it is quite often the case that a woman will marry a deaf man through pity, only to find out afterwards she has made a terrible mistake. So frequently have confidences of this nature been imparted to me and my wife that we feel bound to make known how unfortunate marriages of this sort are likely to prove. Sir Arthur Fairbairn made a marriage of this kind, and he was parted from his wife within a few weeks of the marriage. We are blaming neither of the parties to this marriage, but giving it as an instance. (Gilby memoir, p.66)

We might presume that although he was divorced, he felt unable to make his re-marriage public knowledge because of the social stigma.*  Gertrude seems to have retained her maiden name, even unto death – her registration is as Engledue – and neither William Roe in his article on Fairbairn in Peeps into the Deaf World, nor Gilby in his memoirs, mention that he married Gertrude.  Perhaps the couple’s friends kept the secret, but perhaps only a few people knew.

Gerty, as Gilby calls her at one point, was a close friend of Sir Arthur Fairbairn’s sister and companion, Constance.   When, in 1904, the Royal Association for the Deaf and Dumb as it was then called, held a Grand Bazaar at Marylebone in the Wharncliffe Rooms of the Grand Central Hotel, Marylebone, Constance and Gerty were a great help.  Constance,

had worked like a Trojan and with her great friend Miss Gerty Engledue, and those who helped at her stall did great things and died – yes died – a month after the event at which she lent her failing hands.  […]  Miss Gertrude Engledue (who had a deaf brother) and her Aunts were among our keenest supporters, and they were backing the Constance Fairbairn Stall.  Indeed Miss Engledue and Miss Fairbairn were Hon. Secretaries with me. (Gilby p.178)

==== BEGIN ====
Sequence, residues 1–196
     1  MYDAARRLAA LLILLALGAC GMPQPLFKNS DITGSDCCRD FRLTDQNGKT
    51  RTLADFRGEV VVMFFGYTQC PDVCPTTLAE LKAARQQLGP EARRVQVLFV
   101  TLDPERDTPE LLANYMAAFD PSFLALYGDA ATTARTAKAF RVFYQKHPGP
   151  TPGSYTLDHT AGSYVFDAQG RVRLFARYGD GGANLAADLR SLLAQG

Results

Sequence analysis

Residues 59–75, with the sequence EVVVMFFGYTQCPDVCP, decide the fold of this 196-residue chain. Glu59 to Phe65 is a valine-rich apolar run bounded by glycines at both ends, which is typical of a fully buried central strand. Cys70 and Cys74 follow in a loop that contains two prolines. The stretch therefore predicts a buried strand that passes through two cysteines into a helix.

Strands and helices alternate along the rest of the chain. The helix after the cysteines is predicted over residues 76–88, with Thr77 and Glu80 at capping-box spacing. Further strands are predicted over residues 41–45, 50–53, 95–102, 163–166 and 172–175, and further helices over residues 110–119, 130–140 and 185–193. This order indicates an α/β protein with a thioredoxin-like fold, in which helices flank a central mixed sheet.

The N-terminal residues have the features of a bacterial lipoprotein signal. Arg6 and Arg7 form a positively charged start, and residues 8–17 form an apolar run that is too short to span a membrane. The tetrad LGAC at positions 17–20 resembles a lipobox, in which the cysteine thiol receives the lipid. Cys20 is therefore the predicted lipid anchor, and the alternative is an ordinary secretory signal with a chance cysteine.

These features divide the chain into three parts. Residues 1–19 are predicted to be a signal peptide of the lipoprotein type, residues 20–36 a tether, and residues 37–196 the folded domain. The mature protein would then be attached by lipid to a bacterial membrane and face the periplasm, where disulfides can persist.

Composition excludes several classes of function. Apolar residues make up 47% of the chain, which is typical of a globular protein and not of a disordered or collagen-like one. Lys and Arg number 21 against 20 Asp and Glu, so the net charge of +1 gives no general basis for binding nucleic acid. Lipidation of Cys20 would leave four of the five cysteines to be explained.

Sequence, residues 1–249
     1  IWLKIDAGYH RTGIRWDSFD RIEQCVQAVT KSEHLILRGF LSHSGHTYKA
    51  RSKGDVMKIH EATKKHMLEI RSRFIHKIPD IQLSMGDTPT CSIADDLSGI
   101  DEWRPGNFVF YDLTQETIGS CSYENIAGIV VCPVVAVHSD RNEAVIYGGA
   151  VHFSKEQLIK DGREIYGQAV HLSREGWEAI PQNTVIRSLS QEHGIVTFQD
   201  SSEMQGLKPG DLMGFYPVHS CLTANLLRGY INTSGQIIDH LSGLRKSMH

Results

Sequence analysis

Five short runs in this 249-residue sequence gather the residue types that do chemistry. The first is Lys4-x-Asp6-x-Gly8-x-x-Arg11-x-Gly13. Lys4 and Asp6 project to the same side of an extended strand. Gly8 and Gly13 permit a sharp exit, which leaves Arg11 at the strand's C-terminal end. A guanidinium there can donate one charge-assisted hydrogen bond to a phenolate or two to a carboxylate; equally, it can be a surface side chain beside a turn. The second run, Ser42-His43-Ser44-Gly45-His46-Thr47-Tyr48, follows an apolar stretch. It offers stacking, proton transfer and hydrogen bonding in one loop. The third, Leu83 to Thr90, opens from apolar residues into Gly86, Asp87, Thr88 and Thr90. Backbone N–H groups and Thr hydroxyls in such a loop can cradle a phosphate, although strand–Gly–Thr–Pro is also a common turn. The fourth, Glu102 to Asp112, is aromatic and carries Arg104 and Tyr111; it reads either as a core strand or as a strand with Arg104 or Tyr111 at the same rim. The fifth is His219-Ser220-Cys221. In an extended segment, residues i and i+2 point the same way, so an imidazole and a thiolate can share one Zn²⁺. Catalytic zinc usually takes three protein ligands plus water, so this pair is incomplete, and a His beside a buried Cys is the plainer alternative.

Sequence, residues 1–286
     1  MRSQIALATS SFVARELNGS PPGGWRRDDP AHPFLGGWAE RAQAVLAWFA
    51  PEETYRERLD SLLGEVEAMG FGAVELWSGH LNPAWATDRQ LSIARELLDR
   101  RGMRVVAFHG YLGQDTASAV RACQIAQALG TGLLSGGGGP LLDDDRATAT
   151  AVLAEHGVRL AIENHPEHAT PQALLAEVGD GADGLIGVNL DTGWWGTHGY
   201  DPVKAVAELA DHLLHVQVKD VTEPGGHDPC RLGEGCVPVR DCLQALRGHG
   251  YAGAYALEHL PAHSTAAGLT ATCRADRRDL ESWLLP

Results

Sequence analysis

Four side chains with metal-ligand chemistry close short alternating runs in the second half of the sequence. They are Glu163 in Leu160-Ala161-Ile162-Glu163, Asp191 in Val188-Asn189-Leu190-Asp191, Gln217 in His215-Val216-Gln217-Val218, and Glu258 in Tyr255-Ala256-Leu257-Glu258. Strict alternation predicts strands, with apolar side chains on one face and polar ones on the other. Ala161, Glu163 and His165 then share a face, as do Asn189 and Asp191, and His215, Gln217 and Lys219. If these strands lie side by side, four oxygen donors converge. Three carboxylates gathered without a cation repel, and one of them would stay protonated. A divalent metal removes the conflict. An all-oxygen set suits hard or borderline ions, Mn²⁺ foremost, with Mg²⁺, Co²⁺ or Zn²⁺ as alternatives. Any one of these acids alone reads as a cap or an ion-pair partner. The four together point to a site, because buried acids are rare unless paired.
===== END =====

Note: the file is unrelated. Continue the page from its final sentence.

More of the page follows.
Gertrude died in Northiam, Sussex, on the 29th of April, 1952, and is buried in Tunbridge Wells.

How sad that they felt they could not live together.

*I have not found a divorce record for them – if you have, please leave a comment below.  Indeed, did they get divorced?  Geoff Eagling and Arthur Dimmock say that the certificate for his second marriage in a registry office, calls him a bachelor.  When Florence died in 1941 she was called lady Fairbairn, Sir Arthur’s widow in The Times.  A Times story for 1909 reports the wedding of Thomas Fairbairn, arttended by Sir Arthur and ‘Mrs Fairbairn’ – is that Gertrude, as she is not called ‘Lady Fairbairn’?

[I found a death notice in the Times for 1944, placed by Gertrude to her faithful servant of 29 years, Catherine Barber, who was in 1911 a servant at the Fairbairn’s Chichester Home, Wren House.]

[Her Deaf brother would appear to have been James Allen, born in Calcutta – and a pupil at Bingham’s school, but I think this needs checking as the ancestry records say his father was William John, which might make him her uncle… It would then mean that Arthur may have been at school at the same time as James… This needs clarification!  Gilby was a pretty reliable witness, and relied on old diary entries for the incomplete memoirs, but he was writing in 1938, and perhaps he was confused or forgot some details.  Thanks to Norma McGilp  for additional information.]